At Tekko, I bought two things for myself: some Weiss/Schwarz cards (Fate/Unlimited Blade Works deck, some boosters, scattered individual cards, and a playmat) and an ocarina from STL Ocarina (with beginner lesson book). The former was due to interest in the series and curiosity about the way the game plays, and I am hoping to do some Skype-based games with people in the near future. The latter is just a long-standing goal to learn how to play an ocarina, mostly due to Legend of Zelda: Link’s Awakening (yeah, it’s been over 20 years). So far progress has been slow, but I’m getting the hang of it slowly but surely.

I got the Legend of Zelda Ocarina with beginner songbook on sale from STL Ocarina.

At the end of April, Blackstone Raid XXV is taking place, and I will be in attendance (but NOT as the NPC for obvious reasons). I’ve hand-sewn a hat, worked with our local A&S leader to get my pants and shirt, and I’ve re-sewn my damage sporran. My next goals are to forge a set of chains and sew a pair of sheaths (by hand), and I should have everything I need for this event. I’ll have my phone with me to snap a few photos here and there when I am able, so hopefully things work out well!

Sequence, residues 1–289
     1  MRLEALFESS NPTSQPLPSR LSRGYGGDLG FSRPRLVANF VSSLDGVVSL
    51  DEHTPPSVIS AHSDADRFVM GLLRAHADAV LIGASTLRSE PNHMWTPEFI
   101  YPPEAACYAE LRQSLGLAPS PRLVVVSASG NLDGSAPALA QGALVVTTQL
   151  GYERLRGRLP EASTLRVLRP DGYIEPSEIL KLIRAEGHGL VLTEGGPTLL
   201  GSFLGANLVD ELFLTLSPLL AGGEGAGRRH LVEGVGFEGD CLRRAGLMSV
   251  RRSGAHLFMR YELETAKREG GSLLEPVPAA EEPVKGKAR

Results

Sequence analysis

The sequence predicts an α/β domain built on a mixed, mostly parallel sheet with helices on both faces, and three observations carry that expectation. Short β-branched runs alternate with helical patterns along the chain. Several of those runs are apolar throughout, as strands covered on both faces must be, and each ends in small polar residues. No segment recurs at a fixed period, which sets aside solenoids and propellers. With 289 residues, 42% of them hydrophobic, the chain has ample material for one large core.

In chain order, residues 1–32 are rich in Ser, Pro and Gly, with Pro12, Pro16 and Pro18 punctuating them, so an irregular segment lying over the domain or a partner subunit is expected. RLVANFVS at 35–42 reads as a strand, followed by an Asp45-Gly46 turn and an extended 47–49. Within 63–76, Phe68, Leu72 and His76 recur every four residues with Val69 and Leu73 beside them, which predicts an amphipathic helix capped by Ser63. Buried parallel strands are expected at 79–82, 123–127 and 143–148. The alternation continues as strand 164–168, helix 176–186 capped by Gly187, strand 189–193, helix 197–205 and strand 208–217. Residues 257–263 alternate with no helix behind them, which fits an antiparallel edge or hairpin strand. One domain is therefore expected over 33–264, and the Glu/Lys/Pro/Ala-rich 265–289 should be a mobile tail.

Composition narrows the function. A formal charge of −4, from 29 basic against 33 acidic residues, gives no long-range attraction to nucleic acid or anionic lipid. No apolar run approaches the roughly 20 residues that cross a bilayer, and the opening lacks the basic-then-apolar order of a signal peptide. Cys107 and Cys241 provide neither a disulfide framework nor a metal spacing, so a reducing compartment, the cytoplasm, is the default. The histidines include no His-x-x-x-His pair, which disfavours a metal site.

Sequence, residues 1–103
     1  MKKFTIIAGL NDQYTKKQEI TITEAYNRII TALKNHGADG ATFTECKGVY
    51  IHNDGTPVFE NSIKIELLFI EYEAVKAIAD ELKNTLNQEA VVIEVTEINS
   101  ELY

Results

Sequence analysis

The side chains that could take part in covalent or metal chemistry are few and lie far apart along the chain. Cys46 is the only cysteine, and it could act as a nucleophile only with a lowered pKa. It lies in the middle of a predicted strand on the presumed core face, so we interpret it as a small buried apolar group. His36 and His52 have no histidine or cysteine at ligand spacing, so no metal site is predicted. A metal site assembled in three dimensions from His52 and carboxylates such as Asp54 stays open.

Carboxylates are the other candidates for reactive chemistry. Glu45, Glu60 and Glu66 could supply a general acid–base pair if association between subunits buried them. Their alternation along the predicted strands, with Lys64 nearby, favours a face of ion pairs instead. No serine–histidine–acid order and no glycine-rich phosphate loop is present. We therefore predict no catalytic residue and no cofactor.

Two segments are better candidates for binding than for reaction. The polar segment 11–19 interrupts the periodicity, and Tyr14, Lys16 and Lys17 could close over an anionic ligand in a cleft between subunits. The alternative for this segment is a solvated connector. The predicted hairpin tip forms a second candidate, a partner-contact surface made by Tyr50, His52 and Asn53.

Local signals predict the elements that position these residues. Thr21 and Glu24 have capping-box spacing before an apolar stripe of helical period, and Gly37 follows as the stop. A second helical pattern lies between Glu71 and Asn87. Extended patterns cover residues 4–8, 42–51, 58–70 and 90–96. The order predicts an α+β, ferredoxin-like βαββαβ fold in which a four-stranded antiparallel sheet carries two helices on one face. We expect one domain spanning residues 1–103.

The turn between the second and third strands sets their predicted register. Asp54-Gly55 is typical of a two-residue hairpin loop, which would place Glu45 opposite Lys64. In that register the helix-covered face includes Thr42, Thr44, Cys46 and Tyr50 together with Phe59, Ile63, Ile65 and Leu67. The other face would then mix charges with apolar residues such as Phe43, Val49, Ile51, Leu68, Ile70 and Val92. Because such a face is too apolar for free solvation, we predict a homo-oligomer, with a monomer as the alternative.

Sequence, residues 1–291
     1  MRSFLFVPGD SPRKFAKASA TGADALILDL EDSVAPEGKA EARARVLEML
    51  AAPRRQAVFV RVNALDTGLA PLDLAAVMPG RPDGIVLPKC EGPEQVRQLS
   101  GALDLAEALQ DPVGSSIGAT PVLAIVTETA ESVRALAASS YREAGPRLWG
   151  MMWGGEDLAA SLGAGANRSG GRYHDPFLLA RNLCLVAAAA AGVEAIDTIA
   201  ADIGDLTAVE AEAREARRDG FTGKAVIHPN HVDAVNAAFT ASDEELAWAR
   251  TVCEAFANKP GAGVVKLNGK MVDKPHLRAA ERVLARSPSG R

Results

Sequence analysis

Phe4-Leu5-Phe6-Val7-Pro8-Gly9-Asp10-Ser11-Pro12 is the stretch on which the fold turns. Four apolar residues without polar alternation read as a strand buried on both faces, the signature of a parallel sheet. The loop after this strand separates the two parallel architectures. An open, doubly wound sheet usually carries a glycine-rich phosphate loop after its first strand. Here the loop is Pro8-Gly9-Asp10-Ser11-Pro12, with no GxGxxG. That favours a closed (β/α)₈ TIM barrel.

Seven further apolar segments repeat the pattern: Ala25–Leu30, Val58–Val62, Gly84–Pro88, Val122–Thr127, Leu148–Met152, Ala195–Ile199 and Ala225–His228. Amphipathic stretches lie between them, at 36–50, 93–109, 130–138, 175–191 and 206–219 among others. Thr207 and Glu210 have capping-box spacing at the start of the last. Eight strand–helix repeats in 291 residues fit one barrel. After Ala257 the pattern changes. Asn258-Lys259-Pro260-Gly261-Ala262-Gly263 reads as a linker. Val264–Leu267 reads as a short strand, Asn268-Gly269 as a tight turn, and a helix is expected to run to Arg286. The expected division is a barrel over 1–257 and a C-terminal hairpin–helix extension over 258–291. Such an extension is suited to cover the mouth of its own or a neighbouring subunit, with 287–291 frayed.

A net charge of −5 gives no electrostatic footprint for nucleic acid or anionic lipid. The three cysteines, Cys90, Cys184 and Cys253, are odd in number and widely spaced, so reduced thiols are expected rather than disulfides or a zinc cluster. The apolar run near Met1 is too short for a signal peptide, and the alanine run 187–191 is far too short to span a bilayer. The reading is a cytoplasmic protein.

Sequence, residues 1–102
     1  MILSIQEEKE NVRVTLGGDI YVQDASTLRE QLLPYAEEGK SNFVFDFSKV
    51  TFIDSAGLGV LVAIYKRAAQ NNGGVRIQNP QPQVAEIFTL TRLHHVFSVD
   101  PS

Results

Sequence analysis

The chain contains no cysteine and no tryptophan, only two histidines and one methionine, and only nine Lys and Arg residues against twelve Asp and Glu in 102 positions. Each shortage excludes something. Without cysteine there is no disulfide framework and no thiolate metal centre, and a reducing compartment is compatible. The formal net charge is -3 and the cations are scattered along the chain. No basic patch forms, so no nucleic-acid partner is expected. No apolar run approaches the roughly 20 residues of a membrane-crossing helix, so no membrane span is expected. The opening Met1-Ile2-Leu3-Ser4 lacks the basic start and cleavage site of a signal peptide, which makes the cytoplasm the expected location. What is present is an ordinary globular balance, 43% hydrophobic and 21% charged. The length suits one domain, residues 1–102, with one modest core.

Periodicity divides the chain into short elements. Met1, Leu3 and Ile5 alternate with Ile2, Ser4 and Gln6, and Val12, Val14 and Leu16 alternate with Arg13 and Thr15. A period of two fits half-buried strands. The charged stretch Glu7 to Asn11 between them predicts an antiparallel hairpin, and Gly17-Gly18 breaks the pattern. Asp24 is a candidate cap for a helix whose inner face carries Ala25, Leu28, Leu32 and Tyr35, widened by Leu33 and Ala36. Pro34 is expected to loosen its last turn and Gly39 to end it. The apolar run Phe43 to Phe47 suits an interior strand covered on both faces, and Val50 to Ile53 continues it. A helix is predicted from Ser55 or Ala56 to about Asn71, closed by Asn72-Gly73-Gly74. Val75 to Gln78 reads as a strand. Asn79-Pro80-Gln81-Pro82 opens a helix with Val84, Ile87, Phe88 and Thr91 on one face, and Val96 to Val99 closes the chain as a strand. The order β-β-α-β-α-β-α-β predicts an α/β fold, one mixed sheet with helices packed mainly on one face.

One of the local members is training me in heavy weapons combat, and I may have a lead for fencing with another. Combat is one of the reasons why I signed up for the SCA (the others being networking, blacksmithing, and because it’s fun), so this is a nice first step.

Due to financial restraints, my personal game purchases are on hiatus. This is partly due to Tekko (didn’t even go crazy on shopping; gas, parking, and gear is expensive) and mostly due to blacksmithing, honestly. I’ve made some progress in the shop (just need a belt grinder and I should be set), and I still have to get a metal order for the commissions I have lined up. The things we do for art, ne?

I have a few mini-projects going on and many things I am waiting for. Hopefully I’ll have good news to share with people in the near future!